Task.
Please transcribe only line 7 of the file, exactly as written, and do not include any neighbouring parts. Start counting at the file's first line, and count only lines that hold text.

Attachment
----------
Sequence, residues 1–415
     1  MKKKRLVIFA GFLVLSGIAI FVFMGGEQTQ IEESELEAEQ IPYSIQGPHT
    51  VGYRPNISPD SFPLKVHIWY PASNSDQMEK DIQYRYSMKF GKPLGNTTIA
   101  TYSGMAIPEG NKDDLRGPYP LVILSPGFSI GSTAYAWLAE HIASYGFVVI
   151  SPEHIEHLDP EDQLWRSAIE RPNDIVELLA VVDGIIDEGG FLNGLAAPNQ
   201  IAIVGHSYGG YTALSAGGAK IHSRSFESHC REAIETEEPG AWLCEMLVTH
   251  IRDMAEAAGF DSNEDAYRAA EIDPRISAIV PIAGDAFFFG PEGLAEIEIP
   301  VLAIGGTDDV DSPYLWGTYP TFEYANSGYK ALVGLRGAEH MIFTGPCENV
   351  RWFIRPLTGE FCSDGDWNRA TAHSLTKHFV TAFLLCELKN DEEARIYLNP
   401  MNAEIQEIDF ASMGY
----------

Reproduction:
   251  IRDMAEAAGF DSNEDAYRAA EIDPRISAIV PIAGDAFFFG PEGLAEIEIP